• Date: Feb 2016
Visit Website


It is said that what gets measured, gets done. One of the keys to unlocking the benefits of green ship technologies is the provision of accurate, timely and cost-effective data that is translated into knowledge, intelligence and decision protocols for the charterer, owner, client and operator. This affects ships' efficiency, corporate emissions reporting and loss control. In addition Port State Control, nations and flag states have specific interests in the operation and compliance of shipping in their jurisdictions. Further, the Maritime Environment Protection Committee (IMO), the Conference of Parties (UN FCCC) and environmental bodies world-wide would have interests in accurate data to inform emission credits, impacts and climate models.

Azurtane (www.azurtane.com) is an integrator of shipboard data gathering technology and knowledge outcomes and has a passion for enabling the gathering of that data, accurately and efficiently, and then turning that into actionable knowledge. Since those data are gathered on an increasing number of moving platforms, we need an efficient world-wide mechanism for gathering, transporting, interpreting and actioning that data promptly - Inmarsat provides not only the "pipeline" from ship to shore, but also some of the protocols for making sense of an increasing demand for data.


With the formation of emission control areas (ECAs), upcoming limit changes on NOx emission, and IMO / EU MRV intentions of reducing marine sources of GHG, we have examined the market for devices and systems that address these opportunities.

Our tests with several prototypes show that a smart, "plug-and-play", real-time exhaust gas and condition monitoring system coupled to accurate fuel metering, position and speed data, in addition to aggregating other ship-board data sources, would gain large-scale market acceptance. Such a system will need very low maintenance, be easily retro-fitted, be smart in converting raw data to real information, such as engine efficiency per passengers / freight carried, and be low-cost.

These data can be used on ship, but if that was all then the benefits would be limited. The Azurtane Curator aggregator analyses the incoming information, processes it, and appropriately interprets it to the ships' officers, shore-side owners and operators, and the other parties that have an interest in the specific and aggregated movement and impact of shipping.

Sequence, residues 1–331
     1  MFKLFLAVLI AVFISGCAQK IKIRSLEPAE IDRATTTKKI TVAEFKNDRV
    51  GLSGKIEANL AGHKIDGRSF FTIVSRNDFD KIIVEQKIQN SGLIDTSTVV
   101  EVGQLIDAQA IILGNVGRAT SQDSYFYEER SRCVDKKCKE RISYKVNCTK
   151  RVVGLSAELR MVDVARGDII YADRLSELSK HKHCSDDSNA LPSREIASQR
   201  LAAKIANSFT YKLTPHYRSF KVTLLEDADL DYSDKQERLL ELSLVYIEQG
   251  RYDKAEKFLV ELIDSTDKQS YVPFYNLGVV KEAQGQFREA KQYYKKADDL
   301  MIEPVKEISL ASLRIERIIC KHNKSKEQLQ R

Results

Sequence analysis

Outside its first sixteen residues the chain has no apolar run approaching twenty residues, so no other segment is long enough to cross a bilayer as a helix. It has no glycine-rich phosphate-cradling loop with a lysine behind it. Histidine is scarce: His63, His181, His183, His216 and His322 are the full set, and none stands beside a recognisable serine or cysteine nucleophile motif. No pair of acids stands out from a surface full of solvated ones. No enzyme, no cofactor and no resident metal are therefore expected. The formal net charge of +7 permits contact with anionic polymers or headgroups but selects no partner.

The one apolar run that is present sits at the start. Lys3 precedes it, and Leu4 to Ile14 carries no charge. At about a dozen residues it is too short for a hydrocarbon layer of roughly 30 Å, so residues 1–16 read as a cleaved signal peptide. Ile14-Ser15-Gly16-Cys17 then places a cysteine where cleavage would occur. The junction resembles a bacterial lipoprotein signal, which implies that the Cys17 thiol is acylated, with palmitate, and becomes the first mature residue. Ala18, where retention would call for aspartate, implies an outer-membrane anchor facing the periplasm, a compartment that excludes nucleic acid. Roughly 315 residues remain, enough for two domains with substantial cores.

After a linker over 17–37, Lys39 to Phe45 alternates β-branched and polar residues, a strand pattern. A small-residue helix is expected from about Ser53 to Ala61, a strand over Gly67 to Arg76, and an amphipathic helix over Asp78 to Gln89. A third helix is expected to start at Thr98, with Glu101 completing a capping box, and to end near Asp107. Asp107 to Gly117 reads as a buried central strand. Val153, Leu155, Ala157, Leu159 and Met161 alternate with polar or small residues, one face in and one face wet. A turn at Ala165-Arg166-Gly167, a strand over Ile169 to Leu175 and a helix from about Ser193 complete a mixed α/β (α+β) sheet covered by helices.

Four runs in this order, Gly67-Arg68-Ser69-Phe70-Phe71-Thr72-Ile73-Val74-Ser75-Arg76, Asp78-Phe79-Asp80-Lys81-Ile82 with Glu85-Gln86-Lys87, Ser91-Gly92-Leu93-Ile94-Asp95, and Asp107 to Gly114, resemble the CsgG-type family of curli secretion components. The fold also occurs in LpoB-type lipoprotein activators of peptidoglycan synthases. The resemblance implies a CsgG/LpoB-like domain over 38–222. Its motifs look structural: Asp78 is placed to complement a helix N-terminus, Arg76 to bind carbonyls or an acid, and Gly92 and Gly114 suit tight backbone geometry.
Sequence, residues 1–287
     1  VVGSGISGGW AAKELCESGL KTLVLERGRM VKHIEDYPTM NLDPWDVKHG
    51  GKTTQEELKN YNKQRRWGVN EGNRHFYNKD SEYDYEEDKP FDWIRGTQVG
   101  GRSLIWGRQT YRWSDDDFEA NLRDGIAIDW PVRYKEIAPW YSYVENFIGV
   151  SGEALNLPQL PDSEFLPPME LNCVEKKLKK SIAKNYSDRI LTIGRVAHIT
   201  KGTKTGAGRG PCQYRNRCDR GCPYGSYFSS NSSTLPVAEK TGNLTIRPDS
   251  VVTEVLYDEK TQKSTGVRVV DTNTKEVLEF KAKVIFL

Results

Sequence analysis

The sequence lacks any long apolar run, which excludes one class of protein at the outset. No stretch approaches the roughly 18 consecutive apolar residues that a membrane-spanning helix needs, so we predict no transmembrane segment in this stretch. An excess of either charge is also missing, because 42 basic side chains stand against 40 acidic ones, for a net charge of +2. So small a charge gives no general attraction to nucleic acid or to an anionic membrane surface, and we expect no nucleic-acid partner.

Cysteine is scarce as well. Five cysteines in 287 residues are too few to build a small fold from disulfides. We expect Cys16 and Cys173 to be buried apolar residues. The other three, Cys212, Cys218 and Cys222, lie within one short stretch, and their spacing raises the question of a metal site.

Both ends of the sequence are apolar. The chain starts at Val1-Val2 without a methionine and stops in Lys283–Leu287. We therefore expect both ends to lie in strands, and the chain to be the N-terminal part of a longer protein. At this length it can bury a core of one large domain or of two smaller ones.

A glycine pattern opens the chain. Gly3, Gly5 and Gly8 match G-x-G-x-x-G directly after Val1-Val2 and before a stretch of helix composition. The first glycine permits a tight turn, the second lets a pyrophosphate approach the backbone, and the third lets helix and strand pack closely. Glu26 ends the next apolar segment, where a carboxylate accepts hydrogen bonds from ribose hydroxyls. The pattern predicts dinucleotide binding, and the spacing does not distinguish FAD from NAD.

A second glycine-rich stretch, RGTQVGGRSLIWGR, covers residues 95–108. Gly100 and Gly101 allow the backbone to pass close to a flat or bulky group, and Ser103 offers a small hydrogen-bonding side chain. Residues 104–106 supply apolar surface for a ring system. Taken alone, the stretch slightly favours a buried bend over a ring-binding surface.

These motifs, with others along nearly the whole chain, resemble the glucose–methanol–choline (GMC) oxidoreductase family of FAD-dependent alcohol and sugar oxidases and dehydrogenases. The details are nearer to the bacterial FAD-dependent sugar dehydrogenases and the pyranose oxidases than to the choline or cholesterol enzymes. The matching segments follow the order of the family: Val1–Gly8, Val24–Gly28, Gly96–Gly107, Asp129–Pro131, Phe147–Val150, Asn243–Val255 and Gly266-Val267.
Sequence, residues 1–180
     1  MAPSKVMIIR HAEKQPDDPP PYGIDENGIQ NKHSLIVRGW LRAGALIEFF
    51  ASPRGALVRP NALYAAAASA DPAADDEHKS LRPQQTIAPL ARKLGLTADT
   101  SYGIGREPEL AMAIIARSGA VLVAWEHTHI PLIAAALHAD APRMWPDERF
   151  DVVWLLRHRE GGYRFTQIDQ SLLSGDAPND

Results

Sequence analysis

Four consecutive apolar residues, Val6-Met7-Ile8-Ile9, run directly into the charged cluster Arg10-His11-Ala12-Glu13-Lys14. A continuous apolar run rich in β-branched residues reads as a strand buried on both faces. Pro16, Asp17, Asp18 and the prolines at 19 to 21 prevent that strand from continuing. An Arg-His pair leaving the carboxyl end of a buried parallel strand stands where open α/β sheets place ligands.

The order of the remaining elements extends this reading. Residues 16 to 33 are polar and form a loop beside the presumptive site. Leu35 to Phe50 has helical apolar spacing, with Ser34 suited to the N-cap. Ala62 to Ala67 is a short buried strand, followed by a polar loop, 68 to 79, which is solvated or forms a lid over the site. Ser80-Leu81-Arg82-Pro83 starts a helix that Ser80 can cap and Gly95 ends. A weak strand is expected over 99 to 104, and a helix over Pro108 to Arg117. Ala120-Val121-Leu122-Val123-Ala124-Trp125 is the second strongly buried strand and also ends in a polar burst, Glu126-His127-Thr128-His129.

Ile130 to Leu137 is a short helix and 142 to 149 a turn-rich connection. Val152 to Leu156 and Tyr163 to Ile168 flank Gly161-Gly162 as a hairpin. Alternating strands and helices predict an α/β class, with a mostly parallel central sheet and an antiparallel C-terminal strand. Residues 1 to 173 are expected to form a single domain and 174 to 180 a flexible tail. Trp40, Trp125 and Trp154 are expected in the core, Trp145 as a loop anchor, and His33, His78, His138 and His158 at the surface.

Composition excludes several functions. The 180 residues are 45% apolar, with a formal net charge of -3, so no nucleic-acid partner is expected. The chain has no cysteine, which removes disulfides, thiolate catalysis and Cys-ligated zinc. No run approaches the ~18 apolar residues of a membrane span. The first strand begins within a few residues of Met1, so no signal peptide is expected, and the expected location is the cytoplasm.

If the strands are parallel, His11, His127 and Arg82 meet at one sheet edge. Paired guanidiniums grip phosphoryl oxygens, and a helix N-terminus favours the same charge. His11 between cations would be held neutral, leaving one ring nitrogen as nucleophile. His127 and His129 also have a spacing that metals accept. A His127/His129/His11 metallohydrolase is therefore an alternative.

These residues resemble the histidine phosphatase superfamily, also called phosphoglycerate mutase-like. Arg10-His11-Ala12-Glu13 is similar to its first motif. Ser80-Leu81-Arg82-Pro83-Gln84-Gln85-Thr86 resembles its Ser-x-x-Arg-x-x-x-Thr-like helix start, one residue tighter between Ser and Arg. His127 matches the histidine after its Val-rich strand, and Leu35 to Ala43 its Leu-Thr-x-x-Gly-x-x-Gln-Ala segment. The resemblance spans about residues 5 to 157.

The development started with tracking down potential analysers and data-loggers. The analysers needed significant re-engineering to make them robust in a marine environment - that work is still continuing. Accuracy is key, so we are running analysers against standards in various configurations.

We chose to standardise on the serial protocol MODBUS as this provides an easily expandable network over several hundred meters with the ability to add nodes. Cabling is the greatest annoyance on board ship, but we have not found a workable alternative.

Prototype testing was done using a number of platforms before we settled on a LINUX operating system in a purpose designed, Marine approved integrated computer / modem / serial data integrator. Linking to a high quality GPS system is key to provide accurate position, speed and heading information, all of which have a huge impact on subsequent analyses.

The data were then subject to testing by a number of algorithms to initially provide the information the charterer, owner, client and operator, but very quickly it has become apparent that there is much more value here. Using unsupervised learning, we are slowly teasing out the many variables that have an affect on ship performance and impact the local and more global environment.

We have rapidly found that moving large quantities of data around is expensive, so we are identifying the key metrics and data fields that need to go shore-side. With Inmarsat assisting that decision process, we hope to complete a commercial packaged system by the end of this year.

Related Work